When you win the right to the rent-free digs at 1600 Pennsylvania Avenue, most mortals might be forgiven for thinking the hard part was over.
But, as Barack Obama and his predecessors have painfully learned, problems only begin upon securing the keys to the Oval Office.
Witness the hot-button issue of immigration reform.
During remarks at a Rose Garden event marking Cinco de Mayo, President Obama said that he only wants to “begin work this year” on overhauling America’s immigration architecture.
Aspiring to “begin the beginning” by year’s end is a long way from Obama’s 2008 campaign vow to peg immigration reform a “top priority”.
His Rose Garden remarks were a damage-control exercise linked to his Air Force One comments to reporters days earlier that, after the healthcare and financial sector reform fights, “there may not be an appetite” in Congress for a free-for-all on immigration.
With unemployment still hovering close to 10%, it’s debatable whether tactical delaying on an immigration showdown will save the Democrats in November’s mid-term elections.
But, as illustrated by the furious debate triggered by the recent passage of Arizona’s stringent illegal immigration crackdown legislation, reform won’t fade so easily. Kevin Johnson, an immigration law specialist, said that Arizona’s move is but the latest example of anti-immigration that has spiked at various points in US history.
“The song remains basically the same: blaming immigrants for all the bad things that they are doing to our society. That is pretty consistent with a long history of anti-immigrant hysteria,” Johnson told the Belfast Telegraph.
He also believes that if and when national immigration reform arrives, it won’t alter realities on the ground too dramatically.
“We have 10 to 12 million undocumented immigrants living in this society. That hasn’t changed much, despite the hysteria, despite the enforcements increase. It’s unlikely to change significantly in the short-term.”
The main document currently in play on Capitol Hill is a draft proposal by three Democratic Senators — Harry Reid (Nevada), Charles Schumer (New York) and Robert Menendez (New Jersey).
The 26-page plan is stronger than 2007 legislation that was torpedoed in the Senate after being opposed by all Republicans and 14 Democrats.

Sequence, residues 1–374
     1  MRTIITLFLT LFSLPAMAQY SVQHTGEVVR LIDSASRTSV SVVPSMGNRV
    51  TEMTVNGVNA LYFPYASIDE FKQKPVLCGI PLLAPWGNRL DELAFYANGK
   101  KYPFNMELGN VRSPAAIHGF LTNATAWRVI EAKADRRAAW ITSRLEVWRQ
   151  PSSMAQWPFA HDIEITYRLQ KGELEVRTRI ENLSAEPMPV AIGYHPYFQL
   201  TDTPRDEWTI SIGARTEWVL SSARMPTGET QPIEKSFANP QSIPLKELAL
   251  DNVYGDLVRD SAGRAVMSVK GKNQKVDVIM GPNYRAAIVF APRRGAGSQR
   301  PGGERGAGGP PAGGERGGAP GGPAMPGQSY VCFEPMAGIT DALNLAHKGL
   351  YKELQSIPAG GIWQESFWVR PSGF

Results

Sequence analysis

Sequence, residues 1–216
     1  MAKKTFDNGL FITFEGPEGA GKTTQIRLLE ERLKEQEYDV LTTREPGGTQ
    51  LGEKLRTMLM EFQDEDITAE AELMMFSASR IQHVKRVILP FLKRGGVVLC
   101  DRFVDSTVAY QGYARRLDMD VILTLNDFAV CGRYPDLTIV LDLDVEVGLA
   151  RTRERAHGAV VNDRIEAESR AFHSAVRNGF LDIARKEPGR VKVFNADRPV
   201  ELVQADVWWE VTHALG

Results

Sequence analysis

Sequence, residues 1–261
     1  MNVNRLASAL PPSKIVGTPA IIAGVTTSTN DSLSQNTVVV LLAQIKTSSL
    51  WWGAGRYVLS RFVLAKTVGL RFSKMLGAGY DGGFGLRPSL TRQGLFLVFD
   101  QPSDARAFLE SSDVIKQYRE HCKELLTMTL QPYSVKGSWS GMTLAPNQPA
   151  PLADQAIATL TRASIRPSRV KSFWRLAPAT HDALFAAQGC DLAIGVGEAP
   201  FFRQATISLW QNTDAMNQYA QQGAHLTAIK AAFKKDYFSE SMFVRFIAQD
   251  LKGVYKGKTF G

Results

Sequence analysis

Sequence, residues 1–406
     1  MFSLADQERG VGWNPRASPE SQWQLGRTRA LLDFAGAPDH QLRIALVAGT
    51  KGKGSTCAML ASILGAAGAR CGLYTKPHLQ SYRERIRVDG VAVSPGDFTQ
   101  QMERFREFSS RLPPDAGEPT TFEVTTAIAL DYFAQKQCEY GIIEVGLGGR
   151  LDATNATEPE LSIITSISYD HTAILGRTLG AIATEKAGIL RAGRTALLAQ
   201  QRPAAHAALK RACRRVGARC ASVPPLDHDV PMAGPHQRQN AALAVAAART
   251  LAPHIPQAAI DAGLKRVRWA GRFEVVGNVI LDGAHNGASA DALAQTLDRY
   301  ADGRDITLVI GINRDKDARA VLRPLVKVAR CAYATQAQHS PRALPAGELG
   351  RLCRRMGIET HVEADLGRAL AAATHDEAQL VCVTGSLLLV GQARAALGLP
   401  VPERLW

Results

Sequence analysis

In fact, its first 17 pages deal exclusively with new detection and enforcement mechanisms, designed to catch those who violate the law.
Regarding a so-called ‘pathway to citizenship’, all undocumented immigrants would have to register with the Government.
If they had no serious criminal record, they’d be granted Lawful Prospective Immigrant (LPI) status, allowing them to work in the US and travel outside the country without fear of not being allowed back in. After eight years, LPIs could apply for a Green Card, or permanent resident status.
What does it all mean for the undocumented Irish?
“If you’re Irish, and you’re illegal, this is going to be good for you,” insisted Bruce Morrison, a former Connecticut congressman who co-sponsored 1990 immigration legislation that ballooned visa access to people from Northern Ireland and the Republic.
“The only thing you could complain about is the wait to get a Green Card,” he added. “That is a long time. But during that time, you can work and travel legally.”
Due to lobbying from Morrison and others, the Schumer-Reid-Menendez draft includes an “Irish E3 visa” that will give two-year renewable visas to 10,500 new Irish people and their dependents each year. “So there will be no excuse for people to come illegally,” said Morrison.
But, having a draft plan, however impressive, is a far cry from having a law. It was only weeks ago that immigration overhaul prospects tumbled when Schumer lost a key Republican ally, South Carolina Senator Lindsey Graham, who walked away after the Democrats passed healthcare reform.
Still, Morrison remains optimistic: “Senator Schumer has been surprisingly resilient, and he’s making another go at it, so it’s still a long-shot. But it’s still a shot.”